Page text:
Lorenz said he and his fellow UA researchers planted cotton seeds treated with the pesticide and then pulled samples at various stages of plant growth. Tests showed "fairly high levels" of the pesticide when the plants first emerged, he said. By the time the plants bloomed, and became attractive to bees, the pesticide was below the lethal level in pollen and undetectable in nectar, he said.

The outcome of the debate is crucial to Arkansas cotton growers, Lorenz said, because the neonicotinoid pesticide imidacloprid, most commonly sold by Bayer under the brand name Gaucho, is the only effective seed treatment against a devastating cotton pest. That pest, the thrip, can sharply reduce cotton yields and wipe out entire fields in extreme cases, Lorenz said.

The EPA review is just one component of a federal initiative to promote honeybee health. In May, a White House task force said the government should step up efforts to increase habitats for bees, butterflies and other species while researching rapid population declines. Additional restrictions on pesticides might be needed, the task force said.

In December, the U.S. Department of Agriculture announced it would survey beekeepers and farmers across the nation to assess the number and health of honeybee colonies, honey production and stocks and the cost to farmers of pollination services.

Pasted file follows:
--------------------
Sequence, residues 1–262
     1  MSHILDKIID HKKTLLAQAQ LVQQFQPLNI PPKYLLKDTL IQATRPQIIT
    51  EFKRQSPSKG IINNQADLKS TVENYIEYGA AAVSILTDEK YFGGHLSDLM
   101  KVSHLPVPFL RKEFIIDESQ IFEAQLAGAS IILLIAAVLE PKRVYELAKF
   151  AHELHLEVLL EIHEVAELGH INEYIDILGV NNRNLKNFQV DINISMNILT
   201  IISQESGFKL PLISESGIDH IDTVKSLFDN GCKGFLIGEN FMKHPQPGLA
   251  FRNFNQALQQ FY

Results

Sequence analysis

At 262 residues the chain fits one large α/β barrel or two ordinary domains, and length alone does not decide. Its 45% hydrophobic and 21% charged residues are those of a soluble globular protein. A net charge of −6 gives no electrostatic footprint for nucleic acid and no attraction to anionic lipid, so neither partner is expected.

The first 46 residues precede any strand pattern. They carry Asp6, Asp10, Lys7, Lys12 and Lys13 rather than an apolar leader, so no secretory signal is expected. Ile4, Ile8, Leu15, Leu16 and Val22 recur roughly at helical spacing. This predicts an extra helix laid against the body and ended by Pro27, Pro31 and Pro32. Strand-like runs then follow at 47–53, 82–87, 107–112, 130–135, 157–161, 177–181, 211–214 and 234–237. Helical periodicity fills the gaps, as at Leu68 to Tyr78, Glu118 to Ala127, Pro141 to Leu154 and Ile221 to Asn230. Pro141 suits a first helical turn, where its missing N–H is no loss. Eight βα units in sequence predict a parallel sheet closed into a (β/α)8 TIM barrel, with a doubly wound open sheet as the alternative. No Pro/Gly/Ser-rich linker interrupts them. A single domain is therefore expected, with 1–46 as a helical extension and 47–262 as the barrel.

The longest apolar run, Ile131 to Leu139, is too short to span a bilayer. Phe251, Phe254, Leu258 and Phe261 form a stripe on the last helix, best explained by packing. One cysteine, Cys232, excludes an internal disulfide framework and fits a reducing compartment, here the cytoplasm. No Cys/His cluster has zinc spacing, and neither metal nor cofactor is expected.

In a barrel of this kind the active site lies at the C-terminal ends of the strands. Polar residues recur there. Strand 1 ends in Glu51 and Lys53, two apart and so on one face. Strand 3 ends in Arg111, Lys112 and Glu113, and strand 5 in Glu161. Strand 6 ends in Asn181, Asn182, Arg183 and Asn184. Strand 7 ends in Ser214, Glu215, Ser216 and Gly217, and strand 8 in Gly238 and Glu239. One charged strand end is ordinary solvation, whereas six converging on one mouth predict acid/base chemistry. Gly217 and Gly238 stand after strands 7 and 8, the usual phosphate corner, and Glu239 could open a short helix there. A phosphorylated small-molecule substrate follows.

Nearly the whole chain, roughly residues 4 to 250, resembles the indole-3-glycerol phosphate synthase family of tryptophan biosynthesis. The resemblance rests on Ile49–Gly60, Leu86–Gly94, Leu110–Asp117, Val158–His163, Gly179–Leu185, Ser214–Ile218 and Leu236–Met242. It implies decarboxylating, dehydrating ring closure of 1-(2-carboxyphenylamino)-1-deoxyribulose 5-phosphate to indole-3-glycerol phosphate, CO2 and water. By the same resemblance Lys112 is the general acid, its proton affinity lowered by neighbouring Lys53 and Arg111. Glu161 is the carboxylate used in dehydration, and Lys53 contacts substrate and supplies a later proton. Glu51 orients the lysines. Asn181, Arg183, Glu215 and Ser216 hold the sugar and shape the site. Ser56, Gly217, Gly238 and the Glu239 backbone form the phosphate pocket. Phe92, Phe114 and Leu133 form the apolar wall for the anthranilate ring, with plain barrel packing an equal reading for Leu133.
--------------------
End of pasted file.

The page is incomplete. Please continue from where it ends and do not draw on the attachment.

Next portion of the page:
The survey results will be used to develop base-line data and metrics for winter, summer and total colony loss, the USDA said. One goal of the effort is to reduce honeybee colony loss during winter to no more than 15 percent within 10 years, the agency said.

Coy and Zawislak agree there's no single cause of the increased bee deaths. Along with pesticide exposure, they say, parasites, disease, poor nutrition and lack of genetic diversity also are factors.

The chief parasite appears to be the varroa mite, which Zawislak said spread quickly across the country and became resistant to the anti-mite chemicals that beekeepers use. The mites feed on bee larvae, Zawislak said, and the bees that emerge from metamorphosis are significantly weakened as a result. The mites also spread viruses among bees, he said.

"When the mite hit," Coy said, "there were some beekeepers that didn't realize what was happening until after it had wiped out most of their hives, and then the feral hives were wiped out."

Breeding programs sprang up in response, Coy said, but they have had mixed results, sometimes eliminating beneficial traits while enhancing others.

Coy's Honey Farms, which had 12,000 productive hives at the height of the season in May, uses Russian honeybees because they are more resistant to the varroa mites. The Russian bees remove mites during grooming, Coy said, giving them a better chance to thrive than other species.

The company makes money in three ways: through commercial pollination, honey production and sales of queens and other bees, Coy said.